By their words the inspired sages impart manifold forms to that Supreme Self, which is the One.
Rig Veda 10.114.5
The man who sees, who breathes, who hears words spoken, obtains his nourishment through me alone. Unrecognizing me, he yet dwells in me. Listen, you who know! What I say is worthy of belief.
Rig Veda, Devi Sukta 10.125.4
This atman is the Lord of all beings, the King of all beings. Just as the spokes are fixed in the hub and the rim of a chariot wheel, in the same way all these beings, all the Gods, all the worlds, all life breaths, all these selves, are fixed in the atman.
Shukla Yajur Veda, Brihadaranyaka Upanishad 2.5.15
I breathe out strongly like the wind while clasping unto myself all worlds, all things that are. I tower above the earth, above the heavens, so mighty am I in my power and splendor
Rig Veda, Devi Sukta 10.125.8
The All-Powerful Divinity dwells as the living individual in all living things. Hence the wise bows before a horse, a man of low birth, a cow, or an ass.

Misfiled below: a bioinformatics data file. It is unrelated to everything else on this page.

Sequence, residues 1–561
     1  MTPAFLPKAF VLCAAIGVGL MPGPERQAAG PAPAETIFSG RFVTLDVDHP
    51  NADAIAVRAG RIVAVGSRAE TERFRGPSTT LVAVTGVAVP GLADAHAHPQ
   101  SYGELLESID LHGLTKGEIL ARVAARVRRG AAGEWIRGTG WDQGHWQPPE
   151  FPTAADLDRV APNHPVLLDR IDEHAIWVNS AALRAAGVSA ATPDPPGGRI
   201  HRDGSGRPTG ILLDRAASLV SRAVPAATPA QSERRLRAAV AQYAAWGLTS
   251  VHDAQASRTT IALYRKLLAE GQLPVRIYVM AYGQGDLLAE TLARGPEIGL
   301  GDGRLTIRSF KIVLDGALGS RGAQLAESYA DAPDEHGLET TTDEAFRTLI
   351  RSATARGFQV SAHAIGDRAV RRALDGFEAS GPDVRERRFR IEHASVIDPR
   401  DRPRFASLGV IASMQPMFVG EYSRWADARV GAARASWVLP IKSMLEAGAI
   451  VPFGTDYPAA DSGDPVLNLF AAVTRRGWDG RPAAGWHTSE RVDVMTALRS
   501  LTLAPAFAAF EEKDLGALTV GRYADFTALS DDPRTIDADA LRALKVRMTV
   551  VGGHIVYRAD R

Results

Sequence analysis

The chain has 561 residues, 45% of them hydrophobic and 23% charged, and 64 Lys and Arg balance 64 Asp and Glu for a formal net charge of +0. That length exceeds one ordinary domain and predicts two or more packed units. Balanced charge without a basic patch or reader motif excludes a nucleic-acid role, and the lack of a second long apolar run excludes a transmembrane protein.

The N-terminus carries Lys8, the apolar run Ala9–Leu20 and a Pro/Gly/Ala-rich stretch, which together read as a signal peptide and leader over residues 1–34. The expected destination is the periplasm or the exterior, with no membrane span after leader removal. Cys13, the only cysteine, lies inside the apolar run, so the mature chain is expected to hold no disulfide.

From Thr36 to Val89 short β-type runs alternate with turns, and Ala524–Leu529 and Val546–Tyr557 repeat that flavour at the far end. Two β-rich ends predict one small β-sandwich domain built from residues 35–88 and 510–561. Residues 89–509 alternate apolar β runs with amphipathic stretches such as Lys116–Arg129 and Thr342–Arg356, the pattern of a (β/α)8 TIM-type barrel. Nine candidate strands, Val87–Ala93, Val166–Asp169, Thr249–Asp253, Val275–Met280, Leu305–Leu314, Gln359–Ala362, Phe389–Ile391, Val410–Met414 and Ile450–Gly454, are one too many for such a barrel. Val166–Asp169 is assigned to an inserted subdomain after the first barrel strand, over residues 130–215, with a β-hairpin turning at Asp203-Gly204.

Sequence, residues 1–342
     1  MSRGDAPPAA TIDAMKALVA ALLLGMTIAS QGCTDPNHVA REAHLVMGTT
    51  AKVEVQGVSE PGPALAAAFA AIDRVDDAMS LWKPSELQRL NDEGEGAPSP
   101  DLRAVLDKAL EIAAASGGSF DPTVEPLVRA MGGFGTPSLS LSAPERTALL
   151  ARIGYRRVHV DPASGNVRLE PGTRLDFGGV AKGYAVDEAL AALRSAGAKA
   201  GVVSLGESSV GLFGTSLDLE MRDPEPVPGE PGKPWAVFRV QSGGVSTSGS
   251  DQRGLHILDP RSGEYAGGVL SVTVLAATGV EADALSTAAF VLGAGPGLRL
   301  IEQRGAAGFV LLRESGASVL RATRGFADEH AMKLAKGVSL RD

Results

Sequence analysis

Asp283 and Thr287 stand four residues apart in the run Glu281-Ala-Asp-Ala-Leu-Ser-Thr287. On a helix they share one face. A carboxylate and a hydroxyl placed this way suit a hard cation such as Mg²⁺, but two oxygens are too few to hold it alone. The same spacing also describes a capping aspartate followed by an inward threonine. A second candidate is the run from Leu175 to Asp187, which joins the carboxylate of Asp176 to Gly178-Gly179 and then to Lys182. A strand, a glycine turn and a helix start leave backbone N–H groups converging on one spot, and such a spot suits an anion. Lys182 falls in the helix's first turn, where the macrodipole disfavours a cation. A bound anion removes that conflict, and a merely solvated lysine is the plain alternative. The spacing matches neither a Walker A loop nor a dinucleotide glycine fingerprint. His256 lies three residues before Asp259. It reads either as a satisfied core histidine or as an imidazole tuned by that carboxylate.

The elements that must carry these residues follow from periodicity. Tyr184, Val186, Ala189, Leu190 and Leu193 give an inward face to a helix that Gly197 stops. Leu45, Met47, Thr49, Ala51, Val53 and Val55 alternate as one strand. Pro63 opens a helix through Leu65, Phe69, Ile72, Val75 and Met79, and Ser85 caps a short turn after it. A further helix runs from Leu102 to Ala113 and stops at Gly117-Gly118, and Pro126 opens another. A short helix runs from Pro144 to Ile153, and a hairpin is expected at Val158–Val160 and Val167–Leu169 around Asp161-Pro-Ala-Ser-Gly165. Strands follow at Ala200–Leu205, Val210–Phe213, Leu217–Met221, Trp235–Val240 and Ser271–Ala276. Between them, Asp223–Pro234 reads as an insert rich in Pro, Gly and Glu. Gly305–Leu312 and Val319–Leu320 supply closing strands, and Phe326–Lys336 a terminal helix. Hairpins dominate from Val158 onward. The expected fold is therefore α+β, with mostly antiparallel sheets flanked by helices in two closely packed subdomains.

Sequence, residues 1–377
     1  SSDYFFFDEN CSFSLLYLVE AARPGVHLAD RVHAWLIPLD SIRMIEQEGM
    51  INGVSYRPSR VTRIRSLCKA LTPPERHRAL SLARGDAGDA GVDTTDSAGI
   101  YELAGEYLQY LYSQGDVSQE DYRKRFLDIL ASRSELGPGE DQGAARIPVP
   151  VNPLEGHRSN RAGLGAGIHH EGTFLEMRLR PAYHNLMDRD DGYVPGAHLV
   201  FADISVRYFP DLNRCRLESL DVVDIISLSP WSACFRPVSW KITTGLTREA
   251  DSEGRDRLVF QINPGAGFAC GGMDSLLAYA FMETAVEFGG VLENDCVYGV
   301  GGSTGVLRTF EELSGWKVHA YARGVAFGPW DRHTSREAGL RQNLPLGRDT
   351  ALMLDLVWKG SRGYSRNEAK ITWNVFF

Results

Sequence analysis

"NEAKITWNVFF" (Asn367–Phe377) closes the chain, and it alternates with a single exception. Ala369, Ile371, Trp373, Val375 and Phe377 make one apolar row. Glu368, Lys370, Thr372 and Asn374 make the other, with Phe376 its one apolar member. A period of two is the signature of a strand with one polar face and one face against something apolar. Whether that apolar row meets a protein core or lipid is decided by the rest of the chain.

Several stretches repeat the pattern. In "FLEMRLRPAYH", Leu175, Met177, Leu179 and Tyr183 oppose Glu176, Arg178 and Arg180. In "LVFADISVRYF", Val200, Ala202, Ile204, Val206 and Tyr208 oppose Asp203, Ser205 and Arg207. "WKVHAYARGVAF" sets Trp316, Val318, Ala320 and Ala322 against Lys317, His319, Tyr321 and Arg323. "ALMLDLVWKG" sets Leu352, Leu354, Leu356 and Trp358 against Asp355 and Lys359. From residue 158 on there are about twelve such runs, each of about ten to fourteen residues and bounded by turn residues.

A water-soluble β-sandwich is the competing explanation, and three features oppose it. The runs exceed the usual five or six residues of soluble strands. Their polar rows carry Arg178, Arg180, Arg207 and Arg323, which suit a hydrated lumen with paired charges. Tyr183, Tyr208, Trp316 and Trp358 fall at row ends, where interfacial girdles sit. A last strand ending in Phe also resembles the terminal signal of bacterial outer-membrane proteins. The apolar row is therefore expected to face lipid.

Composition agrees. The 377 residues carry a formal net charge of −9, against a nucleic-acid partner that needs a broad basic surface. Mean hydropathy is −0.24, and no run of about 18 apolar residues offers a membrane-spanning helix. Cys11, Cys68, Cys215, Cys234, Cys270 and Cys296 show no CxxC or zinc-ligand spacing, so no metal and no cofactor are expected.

Yajnavalkya Upanishad 7
The Vedas are the divinely revealed and most revered scriptures, sruti, of Hinduism, likened to the Torah (2,000 bce), Bible New Testament (200 ce), Koran (600 ce) or Zend Avesta (600 bce). Four in number, Rig, Yajur, Sama and Atharva, the Vedas include over 100,000 verses. Oldest portions may date back as far as 6,000 bce
"Acceptance of the Vedas with reverence; recognition of the fact that the means or ways to salvation are diverse; and the realization of the truth that the number of gods to be worshiped is large, that indeed is the distinguishing feature of the Hindu religion." B.G. Tilak's definition of what makes one a basic Hindu, as quoted by India's Supreme Court. On July 2, 1995, the Court referred to it as an "adequate and satisfactory formula."